This example of impedance coupling has a tendency to induce noise in circuits that do not have noise, or to amplify the noise from one or more of the circuits sharing the common line. The best way to prevent this type of coupling is to eliminate the common line and use independent leads for each return circuit.

Another noise problem associated with the common impedance coupling is a ground loop. Ground loops occur when multiple paths exist for ground currents. Not only should the solenoid return lines be run as independent leads to the same electrical potential point, but they should also be terminated at the same physical point.

In the same manner, safety ground lines should be returned to the same electrical and physical point. Safety ground (chassis ground) should never carry return currents.

2. Magnetic inductive coupling

Magnetic (inductive) coupling generally appears where there are wires running parallel or in close vicinity to each other. This happens when the wires from several different circuits are bundled together in order to make the system wiring appear neat. However, without proper wire separation and shielding, magnetic coupling will introduce severe noise problems into sensitive (low voltage level) circuits.

The best way to eliminate magnetic (inductive) coupling is to run leads from separate circuits in separate bundles, taking special care to keep ac (high voltage level) wires separated from dc (low voltage level) wires. If it is at all possible, twisted pair leads and shielding cables (with termination of shield at the controller end only) should be used to reduce magnetic coupling of noise.

3. Electrostatic (capacitive) coupling

Electrostatic (capacitive) coupling appears where wires are running parallel with each other, similar to magnetic coupling. That is where the similarities end. Electrostatic, or capacitive, coupling is a function of the distance the wires run parallel to each other, the distance between the wires and wire diameter. The most effective way of reducing electrostatic (capacitive) coupling is to properly shield the wire runs. Again, separation of wires carrying ac (high voltage level) and those carrying dc (low voltage level) signals will effectively reduce the noise in sensitive circuits.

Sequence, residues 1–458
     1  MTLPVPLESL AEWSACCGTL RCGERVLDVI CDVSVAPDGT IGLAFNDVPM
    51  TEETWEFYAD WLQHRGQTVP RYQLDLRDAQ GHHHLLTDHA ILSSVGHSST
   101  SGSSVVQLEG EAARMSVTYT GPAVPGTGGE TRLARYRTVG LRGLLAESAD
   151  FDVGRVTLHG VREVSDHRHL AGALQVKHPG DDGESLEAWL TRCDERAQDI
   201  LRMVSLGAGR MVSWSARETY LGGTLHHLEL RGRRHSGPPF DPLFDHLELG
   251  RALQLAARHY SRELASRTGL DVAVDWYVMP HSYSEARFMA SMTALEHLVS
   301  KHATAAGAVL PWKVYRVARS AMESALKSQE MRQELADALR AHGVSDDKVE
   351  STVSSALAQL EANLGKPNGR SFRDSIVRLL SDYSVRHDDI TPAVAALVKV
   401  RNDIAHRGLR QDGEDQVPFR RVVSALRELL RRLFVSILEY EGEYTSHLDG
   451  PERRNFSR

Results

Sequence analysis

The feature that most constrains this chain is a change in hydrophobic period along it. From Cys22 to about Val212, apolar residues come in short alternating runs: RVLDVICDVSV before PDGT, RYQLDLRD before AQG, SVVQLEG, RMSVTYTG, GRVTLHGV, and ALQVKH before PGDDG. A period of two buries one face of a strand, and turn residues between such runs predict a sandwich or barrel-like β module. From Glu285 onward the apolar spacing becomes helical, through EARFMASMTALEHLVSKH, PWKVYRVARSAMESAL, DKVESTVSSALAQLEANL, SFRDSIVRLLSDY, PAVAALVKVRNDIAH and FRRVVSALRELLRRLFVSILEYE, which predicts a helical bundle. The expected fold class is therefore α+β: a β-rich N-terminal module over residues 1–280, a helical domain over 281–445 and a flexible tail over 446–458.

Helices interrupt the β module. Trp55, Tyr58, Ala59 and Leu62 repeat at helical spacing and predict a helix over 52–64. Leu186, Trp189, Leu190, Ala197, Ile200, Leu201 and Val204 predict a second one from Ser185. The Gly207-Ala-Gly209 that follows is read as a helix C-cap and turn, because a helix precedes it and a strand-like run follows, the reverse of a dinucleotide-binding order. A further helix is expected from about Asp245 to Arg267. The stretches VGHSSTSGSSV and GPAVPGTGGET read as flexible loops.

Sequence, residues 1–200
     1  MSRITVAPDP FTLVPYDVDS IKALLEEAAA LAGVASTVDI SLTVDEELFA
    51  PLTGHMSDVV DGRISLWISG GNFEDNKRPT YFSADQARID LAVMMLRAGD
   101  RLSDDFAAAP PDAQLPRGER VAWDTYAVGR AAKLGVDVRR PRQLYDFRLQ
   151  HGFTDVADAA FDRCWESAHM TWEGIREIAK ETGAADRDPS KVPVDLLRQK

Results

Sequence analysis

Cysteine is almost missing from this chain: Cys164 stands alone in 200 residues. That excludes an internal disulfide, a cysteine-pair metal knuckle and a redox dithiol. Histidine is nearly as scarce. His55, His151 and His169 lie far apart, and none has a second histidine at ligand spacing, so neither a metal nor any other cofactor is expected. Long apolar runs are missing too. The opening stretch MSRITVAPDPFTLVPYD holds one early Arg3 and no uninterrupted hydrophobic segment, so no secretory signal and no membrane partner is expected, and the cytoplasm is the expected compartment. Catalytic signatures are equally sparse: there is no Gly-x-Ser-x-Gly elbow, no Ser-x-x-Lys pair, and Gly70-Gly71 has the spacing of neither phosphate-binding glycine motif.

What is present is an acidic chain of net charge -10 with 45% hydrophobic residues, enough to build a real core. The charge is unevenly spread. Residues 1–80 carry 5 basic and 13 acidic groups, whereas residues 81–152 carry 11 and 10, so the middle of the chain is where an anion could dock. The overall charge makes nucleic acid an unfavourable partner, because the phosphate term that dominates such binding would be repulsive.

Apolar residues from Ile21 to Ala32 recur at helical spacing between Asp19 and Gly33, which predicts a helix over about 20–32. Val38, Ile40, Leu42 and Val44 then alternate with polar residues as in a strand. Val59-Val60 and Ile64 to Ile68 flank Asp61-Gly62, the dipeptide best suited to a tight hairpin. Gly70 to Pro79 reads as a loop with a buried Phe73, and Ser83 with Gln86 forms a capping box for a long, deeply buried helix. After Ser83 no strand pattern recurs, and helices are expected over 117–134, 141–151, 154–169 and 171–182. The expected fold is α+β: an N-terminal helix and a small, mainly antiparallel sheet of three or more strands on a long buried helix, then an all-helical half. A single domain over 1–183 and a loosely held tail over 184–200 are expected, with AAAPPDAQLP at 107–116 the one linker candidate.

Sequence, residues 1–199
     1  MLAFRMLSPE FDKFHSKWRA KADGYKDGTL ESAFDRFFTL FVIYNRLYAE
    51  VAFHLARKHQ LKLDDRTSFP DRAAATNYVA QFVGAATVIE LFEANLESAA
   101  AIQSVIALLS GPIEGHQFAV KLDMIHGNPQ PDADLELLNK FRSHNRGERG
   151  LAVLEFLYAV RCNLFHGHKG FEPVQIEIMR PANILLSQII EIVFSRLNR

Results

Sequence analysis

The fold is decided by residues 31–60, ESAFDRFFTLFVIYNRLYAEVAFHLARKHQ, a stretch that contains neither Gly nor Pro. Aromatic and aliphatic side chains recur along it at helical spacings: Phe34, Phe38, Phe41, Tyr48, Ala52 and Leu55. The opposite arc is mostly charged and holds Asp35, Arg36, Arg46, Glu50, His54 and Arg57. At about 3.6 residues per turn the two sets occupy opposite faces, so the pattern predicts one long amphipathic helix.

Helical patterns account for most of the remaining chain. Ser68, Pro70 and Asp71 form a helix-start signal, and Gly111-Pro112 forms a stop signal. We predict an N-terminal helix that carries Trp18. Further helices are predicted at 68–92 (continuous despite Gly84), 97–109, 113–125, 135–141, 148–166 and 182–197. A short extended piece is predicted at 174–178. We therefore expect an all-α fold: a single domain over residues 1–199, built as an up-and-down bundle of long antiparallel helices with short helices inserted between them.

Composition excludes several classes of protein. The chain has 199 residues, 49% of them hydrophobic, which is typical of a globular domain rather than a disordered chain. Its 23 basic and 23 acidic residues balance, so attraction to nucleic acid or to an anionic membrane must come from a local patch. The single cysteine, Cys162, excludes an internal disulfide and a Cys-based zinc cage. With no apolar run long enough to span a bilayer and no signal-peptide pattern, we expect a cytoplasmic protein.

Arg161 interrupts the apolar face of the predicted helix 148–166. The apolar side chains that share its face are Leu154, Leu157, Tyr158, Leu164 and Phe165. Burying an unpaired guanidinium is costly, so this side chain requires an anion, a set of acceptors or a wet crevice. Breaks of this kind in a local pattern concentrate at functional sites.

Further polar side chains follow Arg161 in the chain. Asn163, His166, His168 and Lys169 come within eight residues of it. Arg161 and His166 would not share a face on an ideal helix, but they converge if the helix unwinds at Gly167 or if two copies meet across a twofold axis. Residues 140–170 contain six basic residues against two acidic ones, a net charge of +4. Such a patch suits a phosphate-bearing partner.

4. Electromagnetic (radiation) coupling

Electromagnetic (radiation) coupling occurs when the control circuit is very close to a high energy source that is capable of magnetic or electrostatic induction of a voltage. Common sources of such radiation are TV or radio broadcasting towers.

In industrial applications it is not unusual for radio frequency interference to be coupled into sensitive measurement or communications circuits when wiring is near RFI sources such as power contactors. Other potential sources of RFI include mechanical relays experiencing electrical arcs when switching, SCR power controllers when operated with the phase angle firing method, motors and many more. It is also difficult to eliminate if present, because shielding must be 100 percent complete.

Note: Special attention should be given to the ac power line because it is a source of unusual types of noise-related problems in control circuits. Phenomena such as unbalanced power lines, brownouts, power surges, lightning and other “dirty” input power can cause the ac power supply line to fluctuate and momentarily drop below the operating specifications for the ac input to the control circuitry.

When the type of noise on the ac supply line can be identified as purely electrical noise and it does not cause the line voltage level to drop, line filtering devices can be purchased to take care of the problems. However, if power surges, brown-outs, inadequate wire size, etc., are causing the ac line voltage to drop below the levels recommended by the control circuit manufacturer, the only solution is to correct the wiring size or the voltage distribution.

Ways to avoid electrical noise

  • Make sure instrumentation is properly grounded per the manufacturer’s instructions
  • Make sure grounds are good earth grounds
  • Route low voltage sensing and communication signals separately from ac power wiring
  • Use solid-state relays (SSRs) instead of electromechanical relays or mount relays away from sensitive instruments